And if you happen to live in metropolitan Pittsburgh it’s even worse.  The registry listing will raise the “risk score” stamped on your child – in some cases at birth - by one of Pittsburgh’s racially biased “predictive analytics” algorithms – again, increasing the risk of child removal and coming back to haunt the child in later life – because having a high risk score as a child counts against you as an adult. 

In effect, when the caseworker checks the box on the form that says “substantiated” she can be checking Pandora’s Box.  That one bad guess by a caseworker can set off a cascade of compounding errors that needlessly destroys overwhelmingly poor disproportionately nonwhite families.  

A truly modest proposal 

CLS and the others who are suing are not asking for the moon.  All they seek is protection that anyone not familiar with family policing probably would assume already exists: an administrative hearing – not even a full-scale trial – before a neutral arbiter before a family is blacklisted.  Twelve other states already do this, and there is no sign that child abuse has run rampant in those states as a result.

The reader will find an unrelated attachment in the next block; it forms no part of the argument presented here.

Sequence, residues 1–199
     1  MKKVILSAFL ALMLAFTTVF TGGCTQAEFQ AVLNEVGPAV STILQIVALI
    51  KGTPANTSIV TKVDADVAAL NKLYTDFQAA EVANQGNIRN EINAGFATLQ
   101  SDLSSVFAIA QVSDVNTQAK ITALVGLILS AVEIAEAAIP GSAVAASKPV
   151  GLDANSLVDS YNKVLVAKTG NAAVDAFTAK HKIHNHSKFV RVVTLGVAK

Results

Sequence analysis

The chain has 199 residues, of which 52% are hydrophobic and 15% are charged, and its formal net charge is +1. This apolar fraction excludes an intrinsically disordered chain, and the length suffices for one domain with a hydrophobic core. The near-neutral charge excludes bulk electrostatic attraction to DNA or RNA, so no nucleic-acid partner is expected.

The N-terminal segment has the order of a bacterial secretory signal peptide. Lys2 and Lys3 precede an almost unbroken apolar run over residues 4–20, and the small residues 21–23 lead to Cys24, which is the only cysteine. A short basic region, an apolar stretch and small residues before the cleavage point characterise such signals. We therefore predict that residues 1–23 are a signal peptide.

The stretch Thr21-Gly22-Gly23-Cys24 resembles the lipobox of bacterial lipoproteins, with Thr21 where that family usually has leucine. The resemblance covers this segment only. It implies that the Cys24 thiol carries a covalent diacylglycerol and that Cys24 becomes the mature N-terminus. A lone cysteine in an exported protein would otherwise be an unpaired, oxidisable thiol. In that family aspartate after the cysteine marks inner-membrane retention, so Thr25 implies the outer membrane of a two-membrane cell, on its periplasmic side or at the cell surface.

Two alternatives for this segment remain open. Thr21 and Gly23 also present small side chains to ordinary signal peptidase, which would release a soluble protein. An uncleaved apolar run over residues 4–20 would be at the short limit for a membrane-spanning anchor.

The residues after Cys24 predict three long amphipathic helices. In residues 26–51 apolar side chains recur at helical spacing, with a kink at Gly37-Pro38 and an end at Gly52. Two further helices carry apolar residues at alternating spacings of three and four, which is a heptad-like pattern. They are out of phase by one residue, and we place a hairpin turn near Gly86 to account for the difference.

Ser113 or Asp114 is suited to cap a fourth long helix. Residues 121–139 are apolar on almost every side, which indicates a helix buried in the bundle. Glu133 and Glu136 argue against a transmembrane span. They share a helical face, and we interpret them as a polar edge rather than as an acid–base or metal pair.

Even if the lawsuit is successful, the family still might shave to navigate the system alone, unless the Legislature also were to mandate that most basic protection: A lawyer for people who can’t afford one. 

But this minimal request to curb the vast power of caseworkers was enough to infuriate some of the take-the-child-and-run extremists who have, for decades, done enormous harm to the Pennsylvania children they want to save.  

The comment I cited above comes from Frank Cervone, who, for decades, has run something called the Support Center for Child Advocates.  A check via the Wayback Machine confirms that, over the years, the Center’s website has showcased a litany of horror story cases that bear no resemblance to the typical cases seen by workers.  They toned it down a little in the most recent version, but I have never seen them showcase an instance in which they intervened because a child never should have been taken away in the first place.  Apparently, they don’t believe such cases exist.